Department of Pharmaceutics, P.S.V. College of Pharmaceutical Science and research Centre Daphine Sherine
SDDS is a medicine delivery strategy that attempts to increase dosage in specific body areas while increasing therapeutic efficacy and decreasing adverse effects. It addresses issues such as pharmaceutical solubility constraints, degradation, quick clearance rates, non-specific toxicity, and biological barriers. Smart drug delivery methods include nanoparticles, liposomes, vesicles, implants, polymer-based systems, PH-responsive systems, nanoplatforms, and tailored systems. Nanoparticles contain organic and inorganic features, whereas liposomes are used in cancer therapy, anti-inflammatory therapy, antifungal therapy, and gene therapy. Despite the fact that implantable biomaterials have transformed bone and dentition restoration, surgical methods continue to fail as a result of aseptic loosening and bacterial infections. SDDS aims to minimize adverse effects by regulating active molecule release in response to environmental cues. Recent research has concentrated on the creation of redox-responsive systems, enzyme-cleavable systems, electro-sensitive systems, and dual stimuli-responsive systems. SDDS provides several benefits, including focused therapy, higher bioavailability, fewer adverse effects, controlled releases, and individualized medication. However, concerns with stimulation, biological barriers, size and molecular weight, and toxicity exist. Personalized medication, nanoformulations, implanted devices, biological sensors, gene therapy, responsive administration, biosensors for feedback control, and 3D printing are examples of future methods.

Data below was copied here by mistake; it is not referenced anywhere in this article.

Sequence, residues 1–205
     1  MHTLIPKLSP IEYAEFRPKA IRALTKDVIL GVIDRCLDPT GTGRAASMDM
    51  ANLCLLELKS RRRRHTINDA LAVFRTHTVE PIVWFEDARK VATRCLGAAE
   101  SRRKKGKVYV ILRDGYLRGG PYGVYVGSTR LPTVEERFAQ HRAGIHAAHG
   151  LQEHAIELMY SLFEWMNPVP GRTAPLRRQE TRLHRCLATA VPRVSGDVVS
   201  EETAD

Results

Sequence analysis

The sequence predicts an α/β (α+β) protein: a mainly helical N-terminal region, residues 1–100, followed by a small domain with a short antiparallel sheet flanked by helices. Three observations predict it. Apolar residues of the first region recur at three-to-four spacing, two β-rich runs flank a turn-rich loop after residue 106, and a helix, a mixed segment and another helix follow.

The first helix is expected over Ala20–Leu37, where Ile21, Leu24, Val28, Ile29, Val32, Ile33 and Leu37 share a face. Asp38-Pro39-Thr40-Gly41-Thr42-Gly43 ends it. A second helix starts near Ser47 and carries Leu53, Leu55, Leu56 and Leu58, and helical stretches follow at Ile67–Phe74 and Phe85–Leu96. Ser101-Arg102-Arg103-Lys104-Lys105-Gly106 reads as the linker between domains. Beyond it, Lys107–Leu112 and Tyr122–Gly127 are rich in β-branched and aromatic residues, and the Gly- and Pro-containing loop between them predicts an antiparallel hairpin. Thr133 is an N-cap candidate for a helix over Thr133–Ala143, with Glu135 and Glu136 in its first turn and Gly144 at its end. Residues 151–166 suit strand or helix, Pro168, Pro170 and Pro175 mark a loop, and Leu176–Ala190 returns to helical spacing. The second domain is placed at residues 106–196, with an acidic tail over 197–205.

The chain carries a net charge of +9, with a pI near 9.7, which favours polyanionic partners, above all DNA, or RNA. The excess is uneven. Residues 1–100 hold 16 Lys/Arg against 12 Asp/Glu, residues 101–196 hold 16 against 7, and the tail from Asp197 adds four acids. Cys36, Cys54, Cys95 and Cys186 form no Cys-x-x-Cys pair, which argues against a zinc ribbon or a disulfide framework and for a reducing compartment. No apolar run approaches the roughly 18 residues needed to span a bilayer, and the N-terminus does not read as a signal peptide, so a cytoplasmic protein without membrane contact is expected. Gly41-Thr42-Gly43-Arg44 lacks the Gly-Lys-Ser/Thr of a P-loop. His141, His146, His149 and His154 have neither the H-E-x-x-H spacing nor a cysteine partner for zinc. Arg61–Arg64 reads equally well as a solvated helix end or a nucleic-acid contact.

Abjel A., Gopi S., Sukesh Kumar, Smart Drug Delivery System, Int. J. in Pharm. Sci., 2023, Vol 1, Issue 10, 31-43. https://doi.org/10.5281/zenodo.8418711